When we finally did get out and around, we were pleased to find that Lebanon is a fairly quaint little New England town just like you see in the movies. Many of the buildings, especially around Dartmouth college, are nearly 200 years old. It's actually the oldest medical college in the U.S. and going down to the square in Lebanon feels like a trip back in time.

We also went to Boston last Wednesday, marvelling that we could actually do that and be back home on the same day. This was supposed to have been a 2-3 day hospitalization for me, but turned out not to be, so we celebrated with dinner at Durgen Park, a famous Boston pub at Fanuel Hall. We're loving Boston even more now that we've learned to navigate the T-rail system pretty easily. It's cheap and fast to travel all over the city and see exactly what we want without the hassle of traffic. I'm glad we got to see Boston at night too, because the Market was still dressed up for Christmas and it was absolutely beautiful. Can't wait to come back here in warmer weather with the Foley's so they can point out all the best places to eat. There's too many to choose from for a newbie like me.

This isn't the actual bar Cheers was based on, more inspired by it.
The real deal is elsewhere in Boston. It's on our list of places to see.

They even had the wooden Indian out front.

Quincy Hall. You can't see it well here, but there's a different
food place between each set of pillars. Everything from Italian
to Greek to Indian, and more candy and pastries than you could try
in a lifetime. Heaven!

I'll post tomorrow with video and pictures of some other places we visited in the Lebanon area and in Vermont. We're a bit overwhelmed with how much there is to do and see in the area and there's no way we're going to get it all in, not to mention we're trying to make time to visit with friends as often as we can. The big challenge is getting the necessary school work done in between it all, but the boys are usually ready for a few days at home after our outings, so I think it's going to work out well. 

It's snowing again!


Timberwood Commons

As most of you know, I've spent some time in the ER for atrial fibrilation in the last week, so I didn't get these videos up as soon as I'd hoped. Suffice to say, New Hampshire is beautiful and we're really excited to be able to explore the area a bit more as soon as possible. There's no snow yet, but the locals are confident it will be here soon, and lots of it.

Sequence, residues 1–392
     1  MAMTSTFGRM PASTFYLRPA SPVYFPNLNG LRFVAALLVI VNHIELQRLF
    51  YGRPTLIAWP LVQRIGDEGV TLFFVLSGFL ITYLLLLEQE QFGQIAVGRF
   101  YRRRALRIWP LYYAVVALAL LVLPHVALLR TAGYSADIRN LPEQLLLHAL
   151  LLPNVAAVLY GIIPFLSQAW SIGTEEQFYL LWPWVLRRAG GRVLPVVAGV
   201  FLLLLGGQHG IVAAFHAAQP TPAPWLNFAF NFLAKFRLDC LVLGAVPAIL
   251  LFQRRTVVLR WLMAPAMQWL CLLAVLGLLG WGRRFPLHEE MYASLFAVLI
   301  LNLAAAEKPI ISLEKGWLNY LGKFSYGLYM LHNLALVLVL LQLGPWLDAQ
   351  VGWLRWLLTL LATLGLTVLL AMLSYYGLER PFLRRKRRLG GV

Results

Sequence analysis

In the meantime, here's what our new apartment looks like.


Happy New Years!

As I mentioned in our last post, our trip to New Hampshire brought us through Anneville, PA, close to where we lived during our first assignment in Harrisburg. We became close friends with the Foley family through the local homeschool group while we were there, and also during our second assignment in Danville, PA.

The thing you need to know about the Foleys: They love celebrations. They make the most of significant days with food, fun, and family traditions - so many that it almost makes your head spin trying to keep up with them all! They even celebrate Pi day on 3-14 every year (they have Pi decorations and even a Pi pizza cutter - get it?  A Pi cutter?) My kind of geeks.

So New Years Eve was filled with eating at our favorite Anneville/Hershey restaurants, then preparing food for the New Year celebration. Mark hand-made sushi - our favorite was the "Folsen Roll," which combined ingredients both families love - shrimp, Mexican spices, and peppers. It was like a little fajita all rolled up into one mouth-watering piece. We all pitched in and made everything from 7 layer taco dip to stuffed mushrooms, to buffalo dip. We like to EAT.

Mark also made a "Chik-Fil-A" roll. Backstory: There are no Chik-Fil-A's to speak of in Pennsylvania so our guilty love of CFA is a little curious to the Foleys (I think...). I was texting Mark from a Chik-Fil-A in Arkansas when the woman in front of me in line told the manager that she loved this CFA location because it (and I quote): "Oozes Jesus." Having no idea how on earth a fried chicken place could ooze much of anything except diabetes, I quoted her to Mark. We have been making jokes ever since about things "oozing Jesus." To commemorate this, Mark Foley presents: The Chik-Fil-A roll. 

We also realized it was the first time our family had been in the Eastern Time Zone for New Years, so it would be our first time to see Dick Clark and the Times Square ball drop live. Fun New Years for everyone and we went to bed late, exhausted, and full. It was great to be able to spend New Years Eve with friends, even though we had traveled so far from family. Happy 2012 everyone!